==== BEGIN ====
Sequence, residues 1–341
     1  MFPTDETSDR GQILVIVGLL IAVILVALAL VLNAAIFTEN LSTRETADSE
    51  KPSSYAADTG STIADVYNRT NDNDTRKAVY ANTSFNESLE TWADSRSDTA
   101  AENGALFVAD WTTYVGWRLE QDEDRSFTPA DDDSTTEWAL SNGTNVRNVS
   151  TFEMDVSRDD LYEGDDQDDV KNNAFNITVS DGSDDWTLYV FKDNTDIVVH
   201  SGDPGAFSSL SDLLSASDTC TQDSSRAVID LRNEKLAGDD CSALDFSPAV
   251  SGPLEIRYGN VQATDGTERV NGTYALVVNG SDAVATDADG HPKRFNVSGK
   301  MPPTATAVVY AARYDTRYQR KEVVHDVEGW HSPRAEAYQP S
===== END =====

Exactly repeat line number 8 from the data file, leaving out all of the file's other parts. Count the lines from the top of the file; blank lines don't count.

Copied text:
   301  MPPTATAVVY AARYDTRYQR KEVVHDVEGW HSPRAEAYQP S